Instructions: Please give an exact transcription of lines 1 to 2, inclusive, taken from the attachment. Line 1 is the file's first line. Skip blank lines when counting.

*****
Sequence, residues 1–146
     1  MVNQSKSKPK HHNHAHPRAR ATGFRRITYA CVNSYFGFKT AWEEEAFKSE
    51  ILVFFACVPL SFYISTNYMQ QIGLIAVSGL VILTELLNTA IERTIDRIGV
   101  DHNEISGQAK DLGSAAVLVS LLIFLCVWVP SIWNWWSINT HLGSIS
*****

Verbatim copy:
Sequence, residues 1–146
     1  MVNQSKSKPK HHNHAHPRAR ATGFRRITYA CVNSYFGFKT AWEEEAFKSE